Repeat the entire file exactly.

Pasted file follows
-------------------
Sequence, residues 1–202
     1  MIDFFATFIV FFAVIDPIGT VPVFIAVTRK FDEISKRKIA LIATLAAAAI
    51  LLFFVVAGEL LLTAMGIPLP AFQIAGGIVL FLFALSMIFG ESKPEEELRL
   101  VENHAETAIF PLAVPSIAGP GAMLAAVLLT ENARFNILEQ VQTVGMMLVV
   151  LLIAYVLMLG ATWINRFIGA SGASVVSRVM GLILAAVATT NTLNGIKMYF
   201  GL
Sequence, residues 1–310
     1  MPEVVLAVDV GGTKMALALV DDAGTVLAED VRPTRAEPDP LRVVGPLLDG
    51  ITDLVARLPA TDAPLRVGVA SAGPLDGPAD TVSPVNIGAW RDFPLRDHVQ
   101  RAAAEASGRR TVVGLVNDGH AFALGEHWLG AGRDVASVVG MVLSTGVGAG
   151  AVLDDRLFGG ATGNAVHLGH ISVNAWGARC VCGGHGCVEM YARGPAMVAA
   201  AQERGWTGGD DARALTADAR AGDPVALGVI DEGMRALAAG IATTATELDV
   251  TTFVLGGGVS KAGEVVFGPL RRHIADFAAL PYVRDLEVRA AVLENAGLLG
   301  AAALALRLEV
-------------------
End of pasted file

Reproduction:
Sequence, residues 1–202
     1  MIDFFATFIV FFAVIDPIGT VPVFIAVTRK FDEISKRKIA LIATLAAAAI
    51  LLFFVVAGEL LLTAMGIPLP AFQIAGGIVL FLFALSMIFG ESKPEEELRL
   101  VENHAETAIF PLAVPSIAGP GAMLAAVLLT ENARFNILEQ VQTVGMMLVV
   151  LLIAYVLMLG ATWINRFIGA SGASVVSRVM GLILAAVATT NTLNGIKMYF
   201  GL
Sequence, residues 1–310
     1  MPEVVLAVDV GGTKMALALV DDAGTVLAED VRPTRAEPDP LRVVGPLLDG
    51  ITDLVARLPA TDAPLRVGVA SAGPLDGPAD TVSPVNIGAW RDFPLRDHVQ
   101  RAAAEASGRR TVVGLVNDGH AFALGEHWLG AGRDVASVVG MVLSTGVGAG
   151  AVLDDRLFGG ATGNAVHLGH ISVNAWGARC VCGGHGCVEM YARGPAMVAA
   201  AQERGWTGGD DARALTADAR AGDPVALGVI DEGMRALAAG IATTATELDV
   251  TTFVLGGGVS KAGEVVFGPL RRHIADFAAL PYVRDLEVRA AVLENAGLLG
   301  AAALALRLEV